While the whole world may never warm to the sport of snow golfing, Sweden's Arctic Circle has embraced it, with the 2nd annual competition teeing off over the weekend.
The winners were Tomas Wågberg and Susanne Mellgren, who finished the nine-hole course (played twice each to make for an even 18) with the lowest scores of the day.
“Those who are golf-crazy find it really exciting to play golf in the winter,” said Mellgren, who placed second last year, to the local Norrländska Social Demokraten newspaper (NSD) newspaper.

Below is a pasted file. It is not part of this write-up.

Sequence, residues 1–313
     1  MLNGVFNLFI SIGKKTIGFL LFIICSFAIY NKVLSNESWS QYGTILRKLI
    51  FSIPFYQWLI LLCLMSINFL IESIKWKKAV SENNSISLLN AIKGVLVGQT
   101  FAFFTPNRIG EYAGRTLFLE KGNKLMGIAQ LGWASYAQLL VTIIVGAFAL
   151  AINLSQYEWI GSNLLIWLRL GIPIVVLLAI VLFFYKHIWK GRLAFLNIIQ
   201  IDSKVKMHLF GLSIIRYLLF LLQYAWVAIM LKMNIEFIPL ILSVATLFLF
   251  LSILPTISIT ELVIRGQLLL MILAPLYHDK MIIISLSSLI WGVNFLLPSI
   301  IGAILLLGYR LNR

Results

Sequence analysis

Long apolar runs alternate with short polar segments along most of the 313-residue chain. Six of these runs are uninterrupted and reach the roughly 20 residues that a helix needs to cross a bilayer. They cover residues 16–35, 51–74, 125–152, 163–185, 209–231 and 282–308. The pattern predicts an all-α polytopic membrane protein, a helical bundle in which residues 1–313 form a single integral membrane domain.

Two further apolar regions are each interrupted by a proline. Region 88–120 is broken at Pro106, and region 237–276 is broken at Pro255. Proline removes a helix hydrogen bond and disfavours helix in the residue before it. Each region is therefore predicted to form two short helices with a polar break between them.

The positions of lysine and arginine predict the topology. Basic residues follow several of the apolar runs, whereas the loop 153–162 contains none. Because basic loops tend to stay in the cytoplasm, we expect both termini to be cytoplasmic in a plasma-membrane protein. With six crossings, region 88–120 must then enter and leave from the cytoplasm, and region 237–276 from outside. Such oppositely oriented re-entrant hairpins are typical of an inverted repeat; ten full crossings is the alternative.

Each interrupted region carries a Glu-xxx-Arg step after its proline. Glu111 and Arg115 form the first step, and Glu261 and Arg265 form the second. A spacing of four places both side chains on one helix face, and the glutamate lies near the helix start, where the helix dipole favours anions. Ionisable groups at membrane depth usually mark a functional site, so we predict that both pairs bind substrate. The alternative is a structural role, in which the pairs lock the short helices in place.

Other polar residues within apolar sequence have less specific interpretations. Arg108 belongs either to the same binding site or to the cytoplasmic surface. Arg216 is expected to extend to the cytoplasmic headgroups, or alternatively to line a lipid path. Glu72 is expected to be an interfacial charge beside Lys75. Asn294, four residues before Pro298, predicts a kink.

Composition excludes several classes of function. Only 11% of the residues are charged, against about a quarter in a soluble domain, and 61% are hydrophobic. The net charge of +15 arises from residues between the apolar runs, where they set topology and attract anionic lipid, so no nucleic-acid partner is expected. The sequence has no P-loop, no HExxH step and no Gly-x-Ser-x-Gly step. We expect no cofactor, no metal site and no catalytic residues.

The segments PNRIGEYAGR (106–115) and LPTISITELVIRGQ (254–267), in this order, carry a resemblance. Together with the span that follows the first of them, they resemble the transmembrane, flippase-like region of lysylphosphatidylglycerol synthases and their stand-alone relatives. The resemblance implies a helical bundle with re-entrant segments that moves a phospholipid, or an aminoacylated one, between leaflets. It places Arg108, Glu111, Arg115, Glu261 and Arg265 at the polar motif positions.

For those who don't know what snow golf is, imagine regular golf – but on snow.
Add the fact that in extremely cold climates, players are recommended not to use clubs with graphite shafts as they may shatter, and you have the sport in a nutshell.
For Wåberg, the difference between snow golf and regular golf is not so big.
“It's quite special to play on the snow, but it's just like normal golf anyway. You need to have a clean hit, the ball goes where you aim it,” he told the paper..
Mellgren claims, in fact, the opposite.
“You need to have more precision in the winter,” she said.
Snow golf, as a modern sport, is credited as being invented by British author Rudyard Kipling who took to whacking red-painted golf balls around in the winters of Vermont in the 1890s when penning "The Jungle Book".
There are international championships on the whites of Greenland, as well as tournaments in Austria and Switzerland.